'Fishing Tales' host Mike Sakamoto, 59
By Michael Tsai
Advertiser Staff Writer
By Michael Tsai
Like the great fishing tales he so lovingly chronicled, Mike Sakamoto's life was full of heroic struggles and improbable achievements.
But Sakamoto — who died yesterday at age 59 from complications of non-Hodgkins lymphoma — was never one to let a big one get away.
Sakamoto was best known for his 16-year run as host of the popular weekly TV show "Fishing Tales with Mike Sakamoto." He also authored several books on fishing, wrote articles for scores of publications and earned recognition as a skilled painter.
Sakamoto's lifelong love of fishing was fostered on the slippery banks of Nu'uanu Stream, near his boyhood home. His passion for art was cultivated at McKinley High School under the tutelage of acclaimed artist Charles Higa.
Sakamoto attended the University of Hawai'i-Manoa and the University of Hawai'i-Hilo, earning a degree in fine arts.
In the mid-1980s, Sakamoto teamed with producer Arnold Ackerman to produce "Fishing Tales with Mike Sakamoto" for KGMB. The show also ran on KHON before finding a permanent home on OC-16. Sakamoto filmed nearly 500 episodes of the program, which also aired in Japan and England as well as on the Outdoor Channel.
Stan Wright, one of the hosts of "Let's Go Fishing," first saw Sakamoto on the cover of the Hawai'i Fishing News, sitting in an inner tube holding a large-mouth bass.
"I said to myself, 'I've got to meet this guy!' " Wright said.
Sakamoto would appear several times on "Let's Go Fishing," and Wright would return the favor years later when "Fishing Tales" had its run.
Wright remembers Sakamoto as a consummate fisherman, one who excelled in every environment — often with equipment he fashioned himself.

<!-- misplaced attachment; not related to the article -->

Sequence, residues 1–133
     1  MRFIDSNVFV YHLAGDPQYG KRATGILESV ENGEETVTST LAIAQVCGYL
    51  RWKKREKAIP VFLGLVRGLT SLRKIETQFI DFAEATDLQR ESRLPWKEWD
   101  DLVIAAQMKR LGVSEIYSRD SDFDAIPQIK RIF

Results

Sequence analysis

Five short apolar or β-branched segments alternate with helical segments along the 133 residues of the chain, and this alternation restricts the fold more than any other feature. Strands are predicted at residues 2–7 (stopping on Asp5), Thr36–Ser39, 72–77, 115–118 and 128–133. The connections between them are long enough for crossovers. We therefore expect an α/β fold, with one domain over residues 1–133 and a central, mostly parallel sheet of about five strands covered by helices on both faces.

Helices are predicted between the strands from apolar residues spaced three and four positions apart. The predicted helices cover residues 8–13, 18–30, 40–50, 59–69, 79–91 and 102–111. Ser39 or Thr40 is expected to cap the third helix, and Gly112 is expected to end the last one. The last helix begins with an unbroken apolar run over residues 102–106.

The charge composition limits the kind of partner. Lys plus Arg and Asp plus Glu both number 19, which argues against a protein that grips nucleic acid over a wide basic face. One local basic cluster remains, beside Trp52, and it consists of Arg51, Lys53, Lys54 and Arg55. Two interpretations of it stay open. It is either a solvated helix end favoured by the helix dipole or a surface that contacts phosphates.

Yet, for all of his ability, Sakamoto made sure it was his guests who shined on the show, Wright said.
"His idea was that his guest was the star of the show," Wright said. "He made sure that he brought out his guest's knowledge and expertise."
And while Sakamoto loved to have fun on the show — "He'd cut my line while I was reeling in a fish!" Wright said — he was also a perfectionist as a producer, Wright said.
Audy Kimura, musician and co-producer of "Hawai'i Goes Fishing," became close friends with Sakamoto and his family after appearing on "Fishing Tales."
"Mike was always upbeat and energetic," Kimura said. "He just had a great desire to learn — he was the first person to put scientific and educational information on a fishing show — and he had a terrific sense of humor. There was never a dull moment with him."
Sakamoto's love of fishing also prompted him to take a stand when fishermen's rights were imperiled, said Brian Kimata, owner of Brian's Fishing Supply and a longtime friend.
"He just enjoyed fishing," Kimata said. "You would think that a guy who did that amount of fishing all the time would have scratched that itch, but when you were out with him and you saw him just hooking a fish, you could see the excitement in his face and hear it in his voice."
Sakamoto also devoted much of his time to teaching. He led a fishing class for UH-Hilo's Continuing Education program, and taught art to Big Island seniors at the Kamana Senior Center in Hilo.
"As a teacher, he was very direct in his critiques, but he was also more than helpful to the students," said Calvin Enoki, who worked with Sakamoto at the senior center. "They were also anxious for him to return."
Sakamoto is survived by wife, Kathleen; son, Paul; daughter, Stefanie; mother, Peggy Murashima; sisters, Pauline Higa, Paula Igawa, Jan Kodani; and eight nieces and nephews.
Reach Michael Tsai at email@example.com.